It turns out that the strong oral tradition of communicating knowledge in India resulted in various mnemonic tricks to keep track of large numbers in multiple ways. In Kim Plofker's Mathematics in India: 500 BCE-1800 CE is a discussion of Bhūtasaṃkhyā, a method of representing a number by an object that 'exist[s] in that number'. And so one could communicate mathematics in verse form, as Madhava of the Kerala School is said to have done:

~~32~~ 33 gods in the standard pantheon; two eyes and arms; four Vedas, eight elephants and serpents; three kinds of ritual fires; three gunas (or qualities) in the world; twenty-seven nakshatras (or constellations like the Zodiac); a nikharva is 10

So we can compute:

which is good to 11 decimal places.

1. H.S.White, "Review of Kim Plofker, Mathematics in India",

Gods, eyes, elephants, serpents, fires, three, qualities, Vedas, nakshatras, elephants, arms: the wise have said that this is the measure of the circumference when the diameter of the circle is nine nikharvas.There are

^{11}; and the numbers are all indicated in increasing order of place-value.So we can compute:

which is good to 11 decimal places.

**Reference**:1. H.S.White, "Review of Kim Plofker, Mathematics in India",

*The Mathematical Intelligencer*, Volume 32, Number 2, 2010.
## 8 comments:

Impressive. (I actually had to google for "nikharva"...how did that word not come up in my middle school Sanskrit lessons?)

BTW, how is 32 the "standard pantheon"?

Sorry, that should have been 33. I've corrected. I'm not sure what kind of 'standard pantheon' it is - more accurately the Vedic pantheon, I guess. But check this out: eight Vasus, eleven Rudras, twelve Adityas, Indra and Prajapati Brahma.

Just shows the importance of religion in all aspects of indian life!

You might also be interested in this article about the school of mathematics founded by madhava.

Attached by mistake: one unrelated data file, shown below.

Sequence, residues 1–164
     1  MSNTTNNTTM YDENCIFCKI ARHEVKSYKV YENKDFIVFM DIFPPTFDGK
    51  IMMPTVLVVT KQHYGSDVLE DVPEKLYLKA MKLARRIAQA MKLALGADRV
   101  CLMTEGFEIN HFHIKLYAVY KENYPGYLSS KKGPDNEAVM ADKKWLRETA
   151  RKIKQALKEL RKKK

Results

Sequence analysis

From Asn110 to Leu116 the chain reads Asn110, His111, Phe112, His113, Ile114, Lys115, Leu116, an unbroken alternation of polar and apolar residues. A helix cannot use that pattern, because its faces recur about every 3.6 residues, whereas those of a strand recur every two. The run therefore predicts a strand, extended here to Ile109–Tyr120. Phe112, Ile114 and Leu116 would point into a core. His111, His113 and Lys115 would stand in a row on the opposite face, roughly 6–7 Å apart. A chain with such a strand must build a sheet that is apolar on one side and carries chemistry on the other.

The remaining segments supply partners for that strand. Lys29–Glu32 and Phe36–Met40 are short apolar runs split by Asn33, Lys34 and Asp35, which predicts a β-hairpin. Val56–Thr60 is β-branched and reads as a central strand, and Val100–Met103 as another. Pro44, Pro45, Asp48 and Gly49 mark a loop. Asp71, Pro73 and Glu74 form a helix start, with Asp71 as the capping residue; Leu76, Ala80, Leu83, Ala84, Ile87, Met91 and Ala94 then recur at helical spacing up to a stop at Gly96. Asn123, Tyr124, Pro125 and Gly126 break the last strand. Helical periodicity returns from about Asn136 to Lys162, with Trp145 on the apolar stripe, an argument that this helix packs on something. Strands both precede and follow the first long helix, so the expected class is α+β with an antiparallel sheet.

http://www.icm2010.org.in/wp-content/icmfiles/uploads/CIRCLE.pdf

Thanks for that. Is that the Plofker presentation? I knew she was speaking at the ICM, but didn't realise the presentation was available online. That site is horribly slow, I find.

Hi,

No, this seems to be the work by P.P. Divakaran, who appears to be a visitor at IUCAA. http://www.iucaa.ernet.in:8080/iucaa/jsp/Visitors.jsp

I don't have much more info but I found the paper quite interesting.

Also related,

http://www.iias.nl/nl/44/IIAS_NL44_46.pdf

Thanks for the links and references, Milieu. I'll check 'em out.

You (or Plofker) forgot to say

whythis is a mnemonic, better than memorizing the digits themselves: the verse is actually in perfectmetre, appropriate for chanting and remembering. Most Sanskrit works, even technical and scientific works, were composed in metrical verse and meant to be memorized, as they were transmitted orally. (This is why they would be terse ("sutras"), with separate prose commentaries explaining what the verses you had memorized meant.)shreevatsa: thanks a ton for that. I can't speak for Plofker, but I didn't forget - I actually didn't know.

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